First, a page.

Like many developing countries, provision of eye health services is unfavourably skewed against rural communities. This therefore compounds the already wearisome situation of avoidable blindness. Similarly, Ghana SIB IV was faced with the challenge of local people accessing eye health services at the community level as a result of non-existence of such services at the rural communities.
To help address this, districts hospitals in Ghana SIB project areas were equipped and the capacities of Ophthalmic Nurses in same hospitals developed through refresher courses and primary eye care training of trainers workshops. The trainers in turn trained community health nurses, School health coordinators, and midwives in primary eye care to be able to offer primary eye care at the basic level and refer where appropriate. This has helped in integrating primary eye care into the existing primary health care system in the project operational areas.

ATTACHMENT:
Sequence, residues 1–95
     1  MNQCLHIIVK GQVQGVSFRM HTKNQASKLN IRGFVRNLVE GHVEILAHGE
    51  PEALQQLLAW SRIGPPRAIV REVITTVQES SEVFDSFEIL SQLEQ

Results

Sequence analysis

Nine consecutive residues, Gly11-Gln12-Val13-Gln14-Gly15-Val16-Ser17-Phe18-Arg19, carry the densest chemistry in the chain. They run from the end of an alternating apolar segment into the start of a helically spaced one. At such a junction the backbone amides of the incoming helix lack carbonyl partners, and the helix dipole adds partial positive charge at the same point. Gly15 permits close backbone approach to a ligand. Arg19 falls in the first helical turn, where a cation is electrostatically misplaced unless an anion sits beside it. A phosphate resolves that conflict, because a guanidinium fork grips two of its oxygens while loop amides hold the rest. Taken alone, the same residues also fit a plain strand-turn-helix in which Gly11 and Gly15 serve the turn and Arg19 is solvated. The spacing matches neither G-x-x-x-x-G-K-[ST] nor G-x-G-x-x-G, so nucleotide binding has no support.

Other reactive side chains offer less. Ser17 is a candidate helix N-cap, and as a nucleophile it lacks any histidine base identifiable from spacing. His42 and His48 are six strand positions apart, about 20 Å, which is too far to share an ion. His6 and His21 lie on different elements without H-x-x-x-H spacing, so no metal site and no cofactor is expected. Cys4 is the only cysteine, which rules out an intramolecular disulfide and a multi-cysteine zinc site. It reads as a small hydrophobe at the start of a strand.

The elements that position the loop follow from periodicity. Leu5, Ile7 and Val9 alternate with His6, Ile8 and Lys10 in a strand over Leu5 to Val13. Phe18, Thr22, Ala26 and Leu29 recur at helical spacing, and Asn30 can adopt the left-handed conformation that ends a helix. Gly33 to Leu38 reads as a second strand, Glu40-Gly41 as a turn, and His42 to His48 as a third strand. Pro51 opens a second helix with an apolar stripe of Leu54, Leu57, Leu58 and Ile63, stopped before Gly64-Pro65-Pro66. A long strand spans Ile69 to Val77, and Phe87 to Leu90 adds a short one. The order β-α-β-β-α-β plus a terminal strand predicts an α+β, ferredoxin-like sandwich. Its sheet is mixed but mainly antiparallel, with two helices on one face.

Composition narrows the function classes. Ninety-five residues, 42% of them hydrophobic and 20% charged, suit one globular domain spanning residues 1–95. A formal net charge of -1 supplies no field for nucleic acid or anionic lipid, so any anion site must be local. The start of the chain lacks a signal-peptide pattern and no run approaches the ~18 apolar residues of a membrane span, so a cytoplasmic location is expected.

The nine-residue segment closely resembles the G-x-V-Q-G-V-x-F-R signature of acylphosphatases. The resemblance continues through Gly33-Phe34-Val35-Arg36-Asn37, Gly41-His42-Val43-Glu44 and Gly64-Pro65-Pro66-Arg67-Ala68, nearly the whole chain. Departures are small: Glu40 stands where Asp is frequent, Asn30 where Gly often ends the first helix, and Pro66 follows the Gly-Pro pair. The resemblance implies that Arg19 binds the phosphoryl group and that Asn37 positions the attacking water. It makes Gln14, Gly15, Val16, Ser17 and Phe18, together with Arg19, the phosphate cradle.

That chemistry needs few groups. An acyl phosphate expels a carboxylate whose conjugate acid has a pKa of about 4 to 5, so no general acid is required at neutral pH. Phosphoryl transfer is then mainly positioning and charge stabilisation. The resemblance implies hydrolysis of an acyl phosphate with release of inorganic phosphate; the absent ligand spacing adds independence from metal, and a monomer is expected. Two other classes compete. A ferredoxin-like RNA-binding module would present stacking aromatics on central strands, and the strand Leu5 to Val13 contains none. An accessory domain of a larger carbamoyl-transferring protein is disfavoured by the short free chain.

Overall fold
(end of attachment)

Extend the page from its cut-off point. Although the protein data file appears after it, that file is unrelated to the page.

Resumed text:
By this, the burden on Ophthalmic Nurses who usually man entire district hospital’s eye units is lessened having previously always to visit communities for outreaches in addition to their static services. Now, primary eye care workers in partner districts mobilize, identify, refer and in some instances invite the ophthalmic nurses to the local communities to attend to the clients where necessary.
With the implementation of Community Based Health Planning Services (a programme where community health facilities are provided and manned by Community Nursing Officers to provide 24 hour primary health services and refer where necessary), a huge platform has been created to expand same practice to cover the 35 districts under currently under Ghana SIB instead of 24 districts previously; thereby bring eye care services to the door steps of many of our rural folks.
Emmanuel Kwasi Kumah